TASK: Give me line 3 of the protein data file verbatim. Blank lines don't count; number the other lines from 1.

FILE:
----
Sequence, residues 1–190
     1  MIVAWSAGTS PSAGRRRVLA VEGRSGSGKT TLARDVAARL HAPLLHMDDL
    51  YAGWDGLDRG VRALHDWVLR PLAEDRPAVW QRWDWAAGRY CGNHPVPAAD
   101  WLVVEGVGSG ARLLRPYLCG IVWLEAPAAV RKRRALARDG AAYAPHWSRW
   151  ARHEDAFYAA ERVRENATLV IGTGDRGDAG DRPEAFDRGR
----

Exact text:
    51  YAGWDGLDRG VRALHDWVLR PLAEDRPAVW QRWDWAAGRY CGNHPVPAAD